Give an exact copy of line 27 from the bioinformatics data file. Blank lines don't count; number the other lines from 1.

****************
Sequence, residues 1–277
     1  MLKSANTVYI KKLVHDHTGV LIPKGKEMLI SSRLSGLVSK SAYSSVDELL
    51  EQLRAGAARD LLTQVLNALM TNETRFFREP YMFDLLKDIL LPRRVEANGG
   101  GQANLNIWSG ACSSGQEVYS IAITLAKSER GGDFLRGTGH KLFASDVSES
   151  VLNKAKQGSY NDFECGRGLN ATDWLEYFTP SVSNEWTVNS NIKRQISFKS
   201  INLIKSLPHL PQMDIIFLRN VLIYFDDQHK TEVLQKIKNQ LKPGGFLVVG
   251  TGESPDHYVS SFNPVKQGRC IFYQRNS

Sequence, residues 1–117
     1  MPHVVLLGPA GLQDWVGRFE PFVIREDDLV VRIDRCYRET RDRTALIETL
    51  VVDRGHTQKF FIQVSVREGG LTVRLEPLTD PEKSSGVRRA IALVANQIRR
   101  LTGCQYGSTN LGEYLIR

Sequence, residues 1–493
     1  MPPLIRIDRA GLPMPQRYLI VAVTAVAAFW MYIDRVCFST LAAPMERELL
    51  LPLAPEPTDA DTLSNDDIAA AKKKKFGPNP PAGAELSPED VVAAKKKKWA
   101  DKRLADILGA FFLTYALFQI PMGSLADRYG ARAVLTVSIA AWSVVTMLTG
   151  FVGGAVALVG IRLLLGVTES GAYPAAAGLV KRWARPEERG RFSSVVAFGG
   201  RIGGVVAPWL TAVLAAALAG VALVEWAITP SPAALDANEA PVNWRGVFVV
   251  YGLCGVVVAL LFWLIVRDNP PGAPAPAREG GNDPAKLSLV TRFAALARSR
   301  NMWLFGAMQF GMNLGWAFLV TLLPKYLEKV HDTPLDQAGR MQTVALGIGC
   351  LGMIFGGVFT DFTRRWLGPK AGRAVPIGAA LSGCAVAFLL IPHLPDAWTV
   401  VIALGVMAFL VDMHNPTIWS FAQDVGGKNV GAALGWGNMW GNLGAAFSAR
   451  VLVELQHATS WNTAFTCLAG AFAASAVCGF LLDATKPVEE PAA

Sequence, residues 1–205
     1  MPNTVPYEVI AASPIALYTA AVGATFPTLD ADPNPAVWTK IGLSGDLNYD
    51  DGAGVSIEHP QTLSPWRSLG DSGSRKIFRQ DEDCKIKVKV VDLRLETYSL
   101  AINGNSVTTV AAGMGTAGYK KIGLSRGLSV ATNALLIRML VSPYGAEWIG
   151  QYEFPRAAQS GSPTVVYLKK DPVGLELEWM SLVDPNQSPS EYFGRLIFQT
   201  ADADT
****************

   151  QYEFPRAAQS GSPTVVYLKK DPVGLELEWM SLVDPNQSPS EYFGRLIFQT